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The Myth of Index Investing For Diversification



The Myth of Index Investing For Diversification

One of the common investing beliefs is that index investing – buying exposure to an entire index like the S&P 500 through a single investment – provides an extra layer of safety through diversification.

On the surface, it makes sense. Take the S&P 500 for example. With the SPDR S&P 500 ETF Trust (SPY), you are buying into a basket of 500 companies, and so in theory you are spreading out your risk over all those companies.

But what many investors overlook is how the index is weighted toward a handful of companies. This means your return is mostly based on the performance of just a few companies.

The Top 10 Holdings’ Impact

For the SPY ETF, the top 10 holdings account for 26.86% of the total assets. The remaining 490 companies account for 73.14% of the total assets.

And out of those top 10 holdings, Microsoft makes up a full 6% of the ETF’s total assets. Meanwhile, Apple makes up 5.78% and Amazon is 4.49%. So, just three companies account for 16.27% of the ETF.

Think about how that skews your returns. For every $1 you invest in the SPY, $0.26 is riding on the performance of just 10 companies.

Those companies can do well in instances similar to this recent bull market rally. When it does, it can keep the overall index floating along despite what the “other” 490 companies are doing.

As Brett Arends points out in a recent MarketWatch column, since the March 23 lows, 30% of the S&P 500’s gains have come from just six stocks.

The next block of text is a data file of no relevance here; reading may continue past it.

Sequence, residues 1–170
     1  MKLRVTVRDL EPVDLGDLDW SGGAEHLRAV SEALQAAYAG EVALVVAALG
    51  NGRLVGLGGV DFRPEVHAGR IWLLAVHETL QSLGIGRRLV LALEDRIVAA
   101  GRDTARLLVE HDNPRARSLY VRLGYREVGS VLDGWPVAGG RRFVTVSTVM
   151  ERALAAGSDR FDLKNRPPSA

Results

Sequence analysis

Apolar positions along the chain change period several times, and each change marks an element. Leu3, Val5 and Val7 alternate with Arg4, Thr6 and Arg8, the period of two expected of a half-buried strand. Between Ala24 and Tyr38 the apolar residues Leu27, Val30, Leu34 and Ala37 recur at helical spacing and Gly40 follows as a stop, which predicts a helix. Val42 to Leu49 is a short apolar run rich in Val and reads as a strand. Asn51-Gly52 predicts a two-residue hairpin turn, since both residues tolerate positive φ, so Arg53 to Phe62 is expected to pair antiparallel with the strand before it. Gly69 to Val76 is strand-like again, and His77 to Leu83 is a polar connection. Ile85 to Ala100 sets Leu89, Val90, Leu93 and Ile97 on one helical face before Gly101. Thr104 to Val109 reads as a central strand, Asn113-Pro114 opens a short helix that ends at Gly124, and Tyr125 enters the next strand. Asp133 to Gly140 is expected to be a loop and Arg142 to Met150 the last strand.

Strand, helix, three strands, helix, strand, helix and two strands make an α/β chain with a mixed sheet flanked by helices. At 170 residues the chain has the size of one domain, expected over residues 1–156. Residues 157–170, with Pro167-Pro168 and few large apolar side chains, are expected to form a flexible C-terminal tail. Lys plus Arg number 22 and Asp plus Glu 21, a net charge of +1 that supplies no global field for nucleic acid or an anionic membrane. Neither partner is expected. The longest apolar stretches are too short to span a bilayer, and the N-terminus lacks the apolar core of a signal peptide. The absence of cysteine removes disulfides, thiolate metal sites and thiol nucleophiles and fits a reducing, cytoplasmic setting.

“Since the brief market euphoria peaked early last month, for example, casino stocks have fallen 18% on average, department stores 19%, hotels, resorts and cruise lines 25%, and airlines 28%, according to market data provider FactSet. American Airlines has fallen 40%, United 35% and Southwest 18%. MGM Resorts has lost a third of its value. Carnival, another 40%. Macy’s is down another 30%.”

Plunges Started During the Recent Rally

Arends points out that those massive plunges aren’t since the initial market dive in February, but since the recent rally.

“Those aren’t the stock falls since the crisis began in late February. These are the declines just since the early June “recovery” rally. Measured from the start of the year their declines in many cases are catastrophic,” said Arends.

“The notion that equity indexes are somehow risk-free states has to my mind always been a dangerous fallacy which has been amplified by the rise of passive investing,” said Mark Urquhart, a money manager at Baillie Gifford. “Actually, all three of the significant market crises which my career has contained—technology, media and telecoms (TMT), the financial crisis and now the coronavirus—have been linked by so much damage being done to particular parts of the index that it demolishes the thesis that index investing can diversify away such risk.”

Economist Robert Shiller, a Nobel prize winner, points out that right now S&P 500 index is valued at 30 times the average per-share earnings of the past decade. The index has only matched or exceeded that level twice since records began in the 1880s: In 2000, and 1929. Both of those instances preceded a significant market crash.

If you are looking for true diversification with an index fund and you don’t want just 10 holdings making up 26% of a fund’s assets, consider an equal-weighting index fund or ETF. With an equal-weighted fund, each holding is the same amount of the overall fund.

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